Manganese is a chemical element occurring in nature as a compound together with another element, usually iron. The element’s atomic number is 25 and its chemical symbol is Mn. Manganese has a lot of applications in different fields such as industrial uses. In industries, it is mainly used to prevent corrosion and rusting of steel. Biology uses the element as a cofactor for a large number of enzymes. Despite its numerous applications, too much exposure to the element is actually harmful. While its toxicity is less potent than that of other elements, exposure exceeding 5 mg/m3 is extremely harmful even for short periods of time. The effects of manganese poisoning include cognitive problems as well as compromising motor skills.
Sources of Exposure to Manganese
Should manganese occur in water, then its bioavailability is greatly increased compared to when it is taken orally. Essentially, the bioavailability of a substance refers to how easily it is absorbed by the body. For example, medication introduced directly to the blood via injection has 100% bioavailability. Studies have shown that a high content of manganese in drinking water may lead to complications such as intellectual damage as well as a reduced intelligence quotient (IQ) among children who are of school age. The presence of the element in showering water has also been shown to have adverse effects on human beings. Despite its damaging effects, a person can actually recover from these effects over time should the exposure to the element come to a halt.
Manganese in Gasoline
A chemical known as Methylcyclopentadienyl manganese tricarbonyl (MMT) is sometimes added to gasoline in order better the octane rating. Consequently, the engine knock agents are reduced thus prolonging engine life. However, this additive also causes the formation of manganese carbides after the fuel is burnt which leads to damaging of the exhaust valves. In recent times, the use of MMT for gasoline treatment is almost gone now as modern distillation processes of crude oil produce cleaner fuels with much higher octane ratings. In fact, for racing vehicles, any fuel that contains manganese additives is banned. This reduced use and improved distillation processes have seen manganese levels greatly reduced in the world compared to the 1950s.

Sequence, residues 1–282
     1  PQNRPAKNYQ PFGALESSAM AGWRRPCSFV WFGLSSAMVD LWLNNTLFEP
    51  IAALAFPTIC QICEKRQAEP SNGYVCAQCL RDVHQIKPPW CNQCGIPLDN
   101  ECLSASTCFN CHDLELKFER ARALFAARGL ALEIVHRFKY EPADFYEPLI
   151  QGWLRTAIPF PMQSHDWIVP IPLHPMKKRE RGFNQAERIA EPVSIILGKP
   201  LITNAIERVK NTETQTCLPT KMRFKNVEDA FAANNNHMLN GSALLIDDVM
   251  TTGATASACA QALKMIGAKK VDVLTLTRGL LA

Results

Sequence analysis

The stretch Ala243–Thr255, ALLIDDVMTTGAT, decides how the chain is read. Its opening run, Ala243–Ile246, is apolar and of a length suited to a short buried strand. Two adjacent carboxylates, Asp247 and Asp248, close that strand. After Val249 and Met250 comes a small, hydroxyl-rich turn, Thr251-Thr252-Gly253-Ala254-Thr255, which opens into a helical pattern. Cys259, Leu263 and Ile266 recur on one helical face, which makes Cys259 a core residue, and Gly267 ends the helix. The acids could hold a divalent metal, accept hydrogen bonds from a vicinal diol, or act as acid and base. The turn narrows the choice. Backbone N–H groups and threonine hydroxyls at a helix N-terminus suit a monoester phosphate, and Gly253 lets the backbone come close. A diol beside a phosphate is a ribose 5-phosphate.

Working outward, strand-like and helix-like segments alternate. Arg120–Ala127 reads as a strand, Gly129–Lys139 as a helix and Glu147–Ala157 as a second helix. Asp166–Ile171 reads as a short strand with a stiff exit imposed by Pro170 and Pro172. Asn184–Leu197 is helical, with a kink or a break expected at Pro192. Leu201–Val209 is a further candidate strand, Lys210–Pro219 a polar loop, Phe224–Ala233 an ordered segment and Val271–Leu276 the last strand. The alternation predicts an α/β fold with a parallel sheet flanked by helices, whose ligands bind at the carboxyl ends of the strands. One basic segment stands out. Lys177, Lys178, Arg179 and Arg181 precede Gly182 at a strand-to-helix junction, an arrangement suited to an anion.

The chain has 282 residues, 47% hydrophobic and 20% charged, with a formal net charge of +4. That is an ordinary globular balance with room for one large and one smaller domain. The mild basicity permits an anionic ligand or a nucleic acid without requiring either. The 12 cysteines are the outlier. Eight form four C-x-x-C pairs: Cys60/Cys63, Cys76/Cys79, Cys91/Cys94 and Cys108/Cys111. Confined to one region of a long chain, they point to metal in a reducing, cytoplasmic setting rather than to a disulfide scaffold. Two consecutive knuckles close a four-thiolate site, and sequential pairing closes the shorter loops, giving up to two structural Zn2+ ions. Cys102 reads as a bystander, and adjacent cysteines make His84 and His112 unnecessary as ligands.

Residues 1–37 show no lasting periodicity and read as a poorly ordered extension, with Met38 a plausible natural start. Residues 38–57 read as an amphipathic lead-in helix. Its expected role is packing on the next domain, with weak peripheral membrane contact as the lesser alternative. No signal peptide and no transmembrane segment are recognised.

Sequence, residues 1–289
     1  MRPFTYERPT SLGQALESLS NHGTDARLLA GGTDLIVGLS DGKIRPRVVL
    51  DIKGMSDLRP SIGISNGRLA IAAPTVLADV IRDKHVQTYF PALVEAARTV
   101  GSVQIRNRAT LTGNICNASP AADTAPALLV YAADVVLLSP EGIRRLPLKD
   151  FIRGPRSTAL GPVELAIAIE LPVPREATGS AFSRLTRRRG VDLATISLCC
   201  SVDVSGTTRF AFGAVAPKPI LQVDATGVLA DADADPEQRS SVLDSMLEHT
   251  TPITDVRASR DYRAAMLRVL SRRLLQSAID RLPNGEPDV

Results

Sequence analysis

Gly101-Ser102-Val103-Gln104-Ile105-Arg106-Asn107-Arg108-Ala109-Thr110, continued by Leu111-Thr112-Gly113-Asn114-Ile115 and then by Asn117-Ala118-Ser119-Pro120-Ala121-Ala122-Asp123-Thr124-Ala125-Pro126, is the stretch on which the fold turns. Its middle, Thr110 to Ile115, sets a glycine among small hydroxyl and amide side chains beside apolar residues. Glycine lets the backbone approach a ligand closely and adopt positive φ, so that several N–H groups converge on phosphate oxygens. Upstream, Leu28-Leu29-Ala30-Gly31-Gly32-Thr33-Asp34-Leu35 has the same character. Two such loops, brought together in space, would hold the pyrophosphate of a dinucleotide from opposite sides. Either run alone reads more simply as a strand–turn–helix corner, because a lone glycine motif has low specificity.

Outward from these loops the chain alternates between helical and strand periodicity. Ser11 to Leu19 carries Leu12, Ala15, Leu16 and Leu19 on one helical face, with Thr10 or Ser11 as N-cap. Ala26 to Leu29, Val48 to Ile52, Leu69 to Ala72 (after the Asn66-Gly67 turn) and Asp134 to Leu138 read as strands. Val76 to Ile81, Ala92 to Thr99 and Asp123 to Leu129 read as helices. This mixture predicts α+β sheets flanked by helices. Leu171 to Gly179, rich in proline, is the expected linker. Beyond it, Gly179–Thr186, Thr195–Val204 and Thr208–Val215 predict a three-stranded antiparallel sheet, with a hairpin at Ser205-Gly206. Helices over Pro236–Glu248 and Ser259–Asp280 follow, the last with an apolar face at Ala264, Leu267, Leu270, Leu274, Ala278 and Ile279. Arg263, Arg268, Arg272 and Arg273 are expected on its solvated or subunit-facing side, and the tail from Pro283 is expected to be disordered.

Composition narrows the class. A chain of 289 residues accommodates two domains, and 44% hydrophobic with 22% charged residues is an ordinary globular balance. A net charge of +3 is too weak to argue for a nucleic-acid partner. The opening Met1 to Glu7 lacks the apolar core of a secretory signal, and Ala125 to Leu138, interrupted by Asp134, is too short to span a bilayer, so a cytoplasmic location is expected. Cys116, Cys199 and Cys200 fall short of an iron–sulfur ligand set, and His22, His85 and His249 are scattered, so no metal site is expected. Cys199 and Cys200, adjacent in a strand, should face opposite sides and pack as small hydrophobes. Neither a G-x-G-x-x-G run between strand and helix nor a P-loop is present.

The tobacco plant is a good natural absorbent of heavy metals such as manganese. The accumulated heavy metals are usually picked up and absorbed by the plant from the nearby soils. People who smoke tobacco eventually end up inhaling manganese when they smoke tobacco. The studies conducted have shown, however, that there is not much risk, if at all, posed to smokers because the levels of manganese in tobacco are negligible.
Common Neurological Disorders
This condition is perhaps the most common associated with the element and is caused by excessive inhalation or ingestion of manganese. Early stages of the condition include symptoms related mostly to behavior while its later stages resemble the symptoms of Parkinson’s disease.
Childhood Developmental Disorders
Children exposed to manganese were found to exhibit symptoms that are related to a lowering of the IQ compared to kids who were not exposed. Symptoms include reduced manual dexterity, problems with identifying objects by sight, reduced short-term memory, and others.